The last of Tiger Woods’ 79 PGA Tour victories came in 2013. The most recent of his 14 major championships took place in 2008. He hasn’t won in 2018 – yet.
But for the greatest player of his generation, this might be his best year.
At 2 a.m. on May 29, 2017, Woods was found unconscious in his car and was arrested on suspicion of DUI 15 miles from his home in Jupiter, Fla. When the toxicology report was released, it was found that he had five drugs in his system – THC, which is the active ingredient in marijuana, painkillers Vicodin and Dilaudid, anxiety medication Xanax and Ambien, a sleep medication. All five drugs are addictive.
Only a month before, Woods had undergone his fourth back surgery, this one to fuse two vertebrae in an effort to alleviate back and leg pain. After the arrest, his career was left for dead and the quality of the rest of his life was in serious question.
After a plea deal with prosecutors, which included DUI school, community service and a workshop at which participants hear from victims of impaired drivers, Woods entered last July what he termed “an out-of-state private intensive program” for drug addiction.
In December 2017, he played in the Hero World Challenge, his first competitive start in 10 months. Since then, he has played 17 PGA Tour events, finishing in the top 6 six times, including a runner-up at the PGA Championship and a run at the British Open.
But perhaps more importantly, he apparently is finding joy in the renaissance in his game and in his life. He smiles more during competition. He seems to appreciate the adoration of – still – the biggest galleries in the game.
As a writer who covers the PGA Tour said, “He’s different. He really is.”
Anyone who has undergone treatment and recovery from addiction knows what a transformative process it is. To have powerful, life-threatening addictions lifted and kept at bay daily can’t be underestimated. Like practically every person who has experienced recovery, Woods simply is grateful to have his life back. To be able to play in his backyard with his children pain-free and out from under a very different pain of addiction, is the best he could have hoped for less than a year ago.
Golf is a bonus.
Woods will play in the Tour Championship next week for the first time since 2013. It’s a goal that many lesser players have when they begin the year. Woods took it for granted – until now.
“At the end of the season here, to say that I made it back to the Tour Championship after what I've been through is a pretty good accomplishment,” he said at the recent BMW Championship, where he tied for sixth.
“Lots of hard work and patience…,” he said. “It’s been quite a year.”
Like he always has, Woods put in the work, but patience was possibly even tougher. He is accustomed to pushing his body and his mind to maximum effort. But this year, he had to do it smarter.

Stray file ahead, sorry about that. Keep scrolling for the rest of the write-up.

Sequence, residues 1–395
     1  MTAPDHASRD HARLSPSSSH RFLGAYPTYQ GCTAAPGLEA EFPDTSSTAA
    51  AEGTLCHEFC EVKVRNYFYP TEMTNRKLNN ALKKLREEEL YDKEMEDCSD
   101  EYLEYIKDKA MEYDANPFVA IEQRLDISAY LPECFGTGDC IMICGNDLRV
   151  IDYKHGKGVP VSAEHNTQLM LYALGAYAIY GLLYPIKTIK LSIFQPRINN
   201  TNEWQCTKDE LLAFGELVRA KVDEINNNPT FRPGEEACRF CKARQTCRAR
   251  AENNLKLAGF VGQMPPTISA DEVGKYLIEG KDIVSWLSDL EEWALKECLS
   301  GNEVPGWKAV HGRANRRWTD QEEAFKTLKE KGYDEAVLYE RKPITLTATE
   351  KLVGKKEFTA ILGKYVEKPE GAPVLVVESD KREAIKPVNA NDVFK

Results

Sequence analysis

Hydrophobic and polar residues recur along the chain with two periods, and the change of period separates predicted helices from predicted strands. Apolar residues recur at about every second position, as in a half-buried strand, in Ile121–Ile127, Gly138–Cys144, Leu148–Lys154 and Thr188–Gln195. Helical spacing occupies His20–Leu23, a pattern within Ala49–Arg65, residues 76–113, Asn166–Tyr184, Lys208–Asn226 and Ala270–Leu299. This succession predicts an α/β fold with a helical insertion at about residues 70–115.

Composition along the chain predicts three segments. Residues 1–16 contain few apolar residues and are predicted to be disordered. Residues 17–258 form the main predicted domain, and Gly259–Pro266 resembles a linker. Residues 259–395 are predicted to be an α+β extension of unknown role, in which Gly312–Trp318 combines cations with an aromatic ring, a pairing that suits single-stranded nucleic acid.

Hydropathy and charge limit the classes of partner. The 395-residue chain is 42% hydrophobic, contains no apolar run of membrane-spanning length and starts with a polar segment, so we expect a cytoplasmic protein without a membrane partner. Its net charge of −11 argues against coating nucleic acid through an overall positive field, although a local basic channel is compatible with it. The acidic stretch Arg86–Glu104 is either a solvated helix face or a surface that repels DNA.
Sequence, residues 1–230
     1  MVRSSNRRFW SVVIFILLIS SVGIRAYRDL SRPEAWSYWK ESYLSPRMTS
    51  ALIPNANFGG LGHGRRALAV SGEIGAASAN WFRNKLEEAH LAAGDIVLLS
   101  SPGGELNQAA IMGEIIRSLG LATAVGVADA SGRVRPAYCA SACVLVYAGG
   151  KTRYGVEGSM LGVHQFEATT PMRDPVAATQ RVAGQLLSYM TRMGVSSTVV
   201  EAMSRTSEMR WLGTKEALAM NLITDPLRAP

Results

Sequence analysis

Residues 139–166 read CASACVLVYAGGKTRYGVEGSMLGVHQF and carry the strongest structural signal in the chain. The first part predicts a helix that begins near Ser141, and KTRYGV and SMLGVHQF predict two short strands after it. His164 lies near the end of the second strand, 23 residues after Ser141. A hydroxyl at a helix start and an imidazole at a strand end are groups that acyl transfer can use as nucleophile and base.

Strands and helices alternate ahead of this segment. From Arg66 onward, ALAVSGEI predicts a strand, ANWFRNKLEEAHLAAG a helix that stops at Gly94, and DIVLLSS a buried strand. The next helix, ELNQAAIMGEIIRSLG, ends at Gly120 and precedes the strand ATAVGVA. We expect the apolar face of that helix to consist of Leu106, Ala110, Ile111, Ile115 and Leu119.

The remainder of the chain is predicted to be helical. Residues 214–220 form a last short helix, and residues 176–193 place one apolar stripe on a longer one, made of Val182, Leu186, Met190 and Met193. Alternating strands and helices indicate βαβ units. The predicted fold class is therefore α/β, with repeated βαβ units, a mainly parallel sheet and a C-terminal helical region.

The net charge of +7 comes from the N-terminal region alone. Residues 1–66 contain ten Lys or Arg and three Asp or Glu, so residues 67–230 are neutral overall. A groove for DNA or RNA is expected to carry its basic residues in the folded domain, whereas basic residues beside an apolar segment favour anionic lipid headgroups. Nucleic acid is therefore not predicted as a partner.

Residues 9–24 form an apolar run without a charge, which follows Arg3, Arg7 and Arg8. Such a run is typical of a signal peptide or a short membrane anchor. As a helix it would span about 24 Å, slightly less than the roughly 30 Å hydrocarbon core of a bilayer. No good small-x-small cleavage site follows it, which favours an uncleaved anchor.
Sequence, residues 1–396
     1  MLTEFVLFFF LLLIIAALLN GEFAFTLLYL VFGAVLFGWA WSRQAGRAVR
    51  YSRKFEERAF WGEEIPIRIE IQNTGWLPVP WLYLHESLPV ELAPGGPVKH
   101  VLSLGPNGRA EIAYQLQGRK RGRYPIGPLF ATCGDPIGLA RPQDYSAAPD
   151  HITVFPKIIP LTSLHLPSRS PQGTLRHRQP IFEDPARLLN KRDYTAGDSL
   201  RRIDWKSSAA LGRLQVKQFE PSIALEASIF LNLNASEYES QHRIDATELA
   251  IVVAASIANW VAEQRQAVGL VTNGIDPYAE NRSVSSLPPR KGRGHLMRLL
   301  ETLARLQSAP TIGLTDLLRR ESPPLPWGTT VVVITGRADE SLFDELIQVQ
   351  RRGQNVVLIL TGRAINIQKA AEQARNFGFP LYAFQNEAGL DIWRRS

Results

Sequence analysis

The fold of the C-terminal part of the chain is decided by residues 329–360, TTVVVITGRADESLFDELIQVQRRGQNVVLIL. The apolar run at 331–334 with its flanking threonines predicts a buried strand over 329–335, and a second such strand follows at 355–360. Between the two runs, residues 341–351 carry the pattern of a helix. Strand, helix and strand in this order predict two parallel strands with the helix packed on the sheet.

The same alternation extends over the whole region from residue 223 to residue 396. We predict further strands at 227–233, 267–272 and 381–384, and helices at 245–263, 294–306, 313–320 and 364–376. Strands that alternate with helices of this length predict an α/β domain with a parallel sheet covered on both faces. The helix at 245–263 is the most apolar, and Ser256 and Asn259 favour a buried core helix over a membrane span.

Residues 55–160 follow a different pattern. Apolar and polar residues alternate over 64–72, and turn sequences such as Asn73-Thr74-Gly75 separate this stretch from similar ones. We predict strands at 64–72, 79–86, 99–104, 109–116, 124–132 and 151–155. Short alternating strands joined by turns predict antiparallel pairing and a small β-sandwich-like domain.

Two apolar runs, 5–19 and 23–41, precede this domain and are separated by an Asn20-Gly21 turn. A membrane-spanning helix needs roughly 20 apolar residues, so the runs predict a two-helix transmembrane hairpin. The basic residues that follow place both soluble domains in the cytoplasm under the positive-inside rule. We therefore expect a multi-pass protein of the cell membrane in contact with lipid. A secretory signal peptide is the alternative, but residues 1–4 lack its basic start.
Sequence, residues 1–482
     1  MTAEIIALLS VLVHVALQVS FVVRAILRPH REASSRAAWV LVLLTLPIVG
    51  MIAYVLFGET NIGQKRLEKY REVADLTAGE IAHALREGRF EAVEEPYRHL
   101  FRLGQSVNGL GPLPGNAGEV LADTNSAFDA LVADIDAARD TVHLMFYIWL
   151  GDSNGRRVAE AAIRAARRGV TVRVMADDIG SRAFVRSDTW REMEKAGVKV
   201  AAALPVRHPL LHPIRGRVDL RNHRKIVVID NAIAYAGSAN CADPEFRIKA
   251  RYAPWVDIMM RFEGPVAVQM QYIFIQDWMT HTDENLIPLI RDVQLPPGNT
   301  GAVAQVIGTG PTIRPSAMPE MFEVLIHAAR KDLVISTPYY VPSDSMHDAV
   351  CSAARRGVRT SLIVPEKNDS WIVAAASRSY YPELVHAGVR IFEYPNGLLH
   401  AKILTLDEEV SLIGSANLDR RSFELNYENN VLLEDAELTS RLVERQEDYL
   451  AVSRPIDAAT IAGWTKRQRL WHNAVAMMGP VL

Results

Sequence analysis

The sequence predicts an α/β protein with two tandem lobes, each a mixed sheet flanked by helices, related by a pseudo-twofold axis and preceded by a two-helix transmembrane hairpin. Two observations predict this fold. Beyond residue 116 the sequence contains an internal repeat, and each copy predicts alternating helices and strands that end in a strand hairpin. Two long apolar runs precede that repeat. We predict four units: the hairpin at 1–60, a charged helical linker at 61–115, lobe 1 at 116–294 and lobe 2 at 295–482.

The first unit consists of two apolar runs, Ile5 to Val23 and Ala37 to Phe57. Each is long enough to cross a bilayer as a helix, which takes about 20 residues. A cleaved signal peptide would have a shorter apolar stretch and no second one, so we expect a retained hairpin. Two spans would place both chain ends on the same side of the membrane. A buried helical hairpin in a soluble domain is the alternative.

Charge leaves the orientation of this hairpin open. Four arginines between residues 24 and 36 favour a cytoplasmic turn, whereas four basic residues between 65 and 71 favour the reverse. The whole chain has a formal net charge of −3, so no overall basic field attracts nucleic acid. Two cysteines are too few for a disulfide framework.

“This entire year, though, it's been a moving target because my body has changed so much since the beginning of the year,” he said. “I didn't know what I could do.”
Most all of his game has returned. At age 42, he averages 303.4 yards off the tee. He is fourth in putting from 15-20 feet and in. He is 13th in scrambling. And, most notably, he is ninth on Tour in scoring. Going into the Tour Championship, he is 21st in the Official World Golf Ranking.
“The hardest part is, I didn't have any inkling of what this year might be,” he said. “Normally, if I have a good off-season or a good practice or feel healthy, I can reasonably expect what might happen the following year. This year was a complete unknown. I didn't know if I was going to play. I didn't know how many events I was going to play, what swing I was going to use. I didn't know any of these things. And a lot of adjustments on the fly.”
Woods has made changes to his equipment to fit his new swing. He has returned to his old faithful Scotty Cameron putter after some brief experimentation. Best of all, he knows his limitations.
“This has been one of my best years, considering that I didn't know what I was going to do,” Woods aid. “I just didn't have a clue. And the fact that I've been able to make it this far is very exciting to me. At this point last year, that wasn't the case. [I] didn't know. But now I know that I sort of have a bright future.”
Golf is not life, and life is not golf. Woods has had both given back to him, and more importantly, they look so much different than they once did. Practically nothing is sweeter than redemption.
Mike Purkey has written about golf for more than 30 years for a number of publications, including Golf Magazine and Global Golf Post. He lives in Charlotte, N.C. Email: email@example.com; Twitter: @mikepurkeygolf